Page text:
- The Washington Times - Sunday, January 18, 2009

For a group of middle-school students in Boston, the impending presidency of Barack Obama has left them with the belief they will play a part in making a better future.

But the students, who participate in an after-school program for low-income children called Citizens Schools, aren’t sure how to do it.

Mr. Obama’s call for people to perform community service Monday in honor of Martin Luther King Jr. Day may be exactly what the those students need.

The 70 middle schoolers will be paired with 70 mentors who will help them shape their understanding of community service, according to Daniel Rosen of Citizens Schools.

At the end of the day, the students will write a letter to Mr. Obama describing their dreams for the country and how they plan to serve their community.

“We really felt like we had a great opportunity to try to instill in them a passion for lifelong service,” said Mr. Rosen, whose group provides after-school tutoring and mentoring from professionals in a variety of fields. “We as an organization like to see ourselves as a vehicle for service.”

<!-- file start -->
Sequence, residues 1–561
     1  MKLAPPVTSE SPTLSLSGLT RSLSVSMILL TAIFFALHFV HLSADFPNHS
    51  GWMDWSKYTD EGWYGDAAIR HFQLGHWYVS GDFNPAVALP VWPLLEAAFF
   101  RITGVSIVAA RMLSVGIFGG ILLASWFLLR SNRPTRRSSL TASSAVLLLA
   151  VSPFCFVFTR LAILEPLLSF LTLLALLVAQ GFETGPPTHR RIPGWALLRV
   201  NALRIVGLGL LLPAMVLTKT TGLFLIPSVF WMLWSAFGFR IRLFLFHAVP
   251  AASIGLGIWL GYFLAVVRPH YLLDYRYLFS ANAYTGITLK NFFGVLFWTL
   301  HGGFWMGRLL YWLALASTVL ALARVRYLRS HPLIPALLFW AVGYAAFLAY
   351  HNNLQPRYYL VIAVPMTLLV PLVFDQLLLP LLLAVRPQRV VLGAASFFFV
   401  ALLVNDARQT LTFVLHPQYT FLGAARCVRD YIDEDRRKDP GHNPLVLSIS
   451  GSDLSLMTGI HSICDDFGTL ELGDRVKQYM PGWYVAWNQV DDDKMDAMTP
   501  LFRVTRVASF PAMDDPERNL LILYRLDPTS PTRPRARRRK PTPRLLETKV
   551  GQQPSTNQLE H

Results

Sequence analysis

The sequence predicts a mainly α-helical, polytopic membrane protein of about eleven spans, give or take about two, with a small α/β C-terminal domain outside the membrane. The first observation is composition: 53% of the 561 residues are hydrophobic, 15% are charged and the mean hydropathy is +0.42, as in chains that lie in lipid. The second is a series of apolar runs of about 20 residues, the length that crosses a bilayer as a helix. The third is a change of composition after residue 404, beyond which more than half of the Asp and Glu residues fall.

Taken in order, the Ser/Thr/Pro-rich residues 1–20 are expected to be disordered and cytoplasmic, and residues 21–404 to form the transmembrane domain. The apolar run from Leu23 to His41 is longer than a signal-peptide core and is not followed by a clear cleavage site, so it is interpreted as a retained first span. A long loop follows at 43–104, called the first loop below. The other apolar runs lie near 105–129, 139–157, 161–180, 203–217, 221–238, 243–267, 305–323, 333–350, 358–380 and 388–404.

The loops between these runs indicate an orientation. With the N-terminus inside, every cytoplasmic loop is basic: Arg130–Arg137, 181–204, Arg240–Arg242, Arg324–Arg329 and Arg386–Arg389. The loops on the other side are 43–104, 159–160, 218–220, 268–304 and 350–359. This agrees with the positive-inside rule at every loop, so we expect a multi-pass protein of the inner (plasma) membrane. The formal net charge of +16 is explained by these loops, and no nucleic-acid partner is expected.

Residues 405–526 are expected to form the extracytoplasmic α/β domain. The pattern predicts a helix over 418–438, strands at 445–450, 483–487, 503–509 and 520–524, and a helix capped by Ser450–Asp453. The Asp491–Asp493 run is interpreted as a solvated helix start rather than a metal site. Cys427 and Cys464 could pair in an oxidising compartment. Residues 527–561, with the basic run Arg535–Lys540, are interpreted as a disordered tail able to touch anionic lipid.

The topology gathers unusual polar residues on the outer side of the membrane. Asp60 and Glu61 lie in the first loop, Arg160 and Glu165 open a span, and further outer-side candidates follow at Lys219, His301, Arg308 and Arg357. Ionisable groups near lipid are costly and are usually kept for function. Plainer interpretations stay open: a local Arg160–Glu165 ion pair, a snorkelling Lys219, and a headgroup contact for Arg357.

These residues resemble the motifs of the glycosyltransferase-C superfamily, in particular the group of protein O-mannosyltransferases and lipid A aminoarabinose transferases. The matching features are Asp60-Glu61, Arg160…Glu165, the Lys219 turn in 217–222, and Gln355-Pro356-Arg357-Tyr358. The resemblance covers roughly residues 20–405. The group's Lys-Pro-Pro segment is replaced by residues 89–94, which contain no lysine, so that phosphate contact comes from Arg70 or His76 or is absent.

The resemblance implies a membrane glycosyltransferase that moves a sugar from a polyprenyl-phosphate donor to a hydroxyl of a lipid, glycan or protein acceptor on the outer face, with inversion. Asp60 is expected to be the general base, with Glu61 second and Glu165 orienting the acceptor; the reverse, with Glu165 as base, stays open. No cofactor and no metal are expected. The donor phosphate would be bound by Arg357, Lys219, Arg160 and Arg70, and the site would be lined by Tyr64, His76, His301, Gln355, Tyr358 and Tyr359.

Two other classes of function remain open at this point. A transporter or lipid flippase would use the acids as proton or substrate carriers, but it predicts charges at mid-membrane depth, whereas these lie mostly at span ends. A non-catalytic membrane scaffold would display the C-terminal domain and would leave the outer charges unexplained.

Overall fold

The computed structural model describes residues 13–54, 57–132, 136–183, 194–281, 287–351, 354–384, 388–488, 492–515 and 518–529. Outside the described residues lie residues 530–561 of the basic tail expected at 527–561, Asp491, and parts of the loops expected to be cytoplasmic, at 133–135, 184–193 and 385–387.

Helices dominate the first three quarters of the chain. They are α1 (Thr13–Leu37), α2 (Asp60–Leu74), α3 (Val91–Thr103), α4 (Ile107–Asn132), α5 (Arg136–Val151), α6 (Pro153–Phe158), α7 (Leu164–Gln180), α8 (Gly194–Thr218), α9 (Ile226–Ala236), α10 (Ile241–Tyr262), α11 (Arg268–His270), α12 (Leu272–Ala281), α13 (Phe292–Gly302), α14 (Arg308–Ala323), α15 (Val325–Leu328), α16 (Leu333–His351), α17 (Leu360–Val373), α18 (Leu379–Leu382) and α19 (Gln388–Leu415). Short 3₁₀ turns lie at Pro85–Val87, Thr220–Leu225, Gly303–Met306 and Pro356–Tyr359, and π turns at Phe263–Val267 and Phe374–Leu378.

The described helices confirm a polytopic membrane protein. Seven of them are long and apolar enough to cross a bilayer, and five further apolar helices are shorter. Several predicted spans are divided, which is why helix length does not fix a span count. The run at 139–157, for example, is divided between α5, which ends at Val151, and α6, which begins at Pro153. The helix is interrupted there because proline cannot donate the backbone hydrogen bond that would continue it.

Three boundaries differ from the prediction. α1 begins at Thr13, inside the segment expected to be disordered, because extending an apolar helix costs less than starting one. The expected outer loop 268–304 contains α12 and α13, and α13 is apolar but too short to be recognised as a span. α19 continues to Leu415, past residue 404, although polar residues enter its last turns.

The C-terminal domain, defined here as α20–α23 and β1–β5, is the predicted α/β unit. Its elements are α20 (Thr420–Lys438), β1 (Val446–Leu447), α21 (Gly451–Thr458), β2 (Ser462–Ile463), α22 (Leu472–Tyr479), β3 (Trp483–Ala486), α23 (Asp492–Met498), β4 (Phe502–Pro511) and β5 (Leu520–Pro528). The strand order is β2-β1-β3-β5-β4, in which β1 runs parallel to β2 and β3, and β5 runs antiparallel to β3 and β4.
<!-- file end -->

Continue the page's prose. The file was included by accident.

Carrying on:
In that way, the event in Boston meets Mr. Obama’s goal in twofold: service now and instilling a sense of service in future generations. About 12,000 community-service events from across the nation are listed on the Web site for “Renew America Together,” at USAService.org.

“President-elect Obama believes each of us, as Americans, has a responsibility to do what we can for our communities and fellow citizens,” said Josh Earnest, communications director for the Presidential Inauguration Committee. “We’ve launched USAService.org to connect volunteer organizations with Americans in their community and make it easier to serve on Martin Luther King Jr. Day and beyond.”

The events include community-service activities such as picking up trash in inner city neighborhoods in Kentucky, helping low-income people in New York improve their resumes, cleaning the Anacostia River in Washington and building a playground at a charter school in Philadelphia.

“It’s about seeing a need and taking action,” Rhonda Taylor, deputy director of corporate relations at the Corporation for National and Community Service, as quoted at USAService.org.

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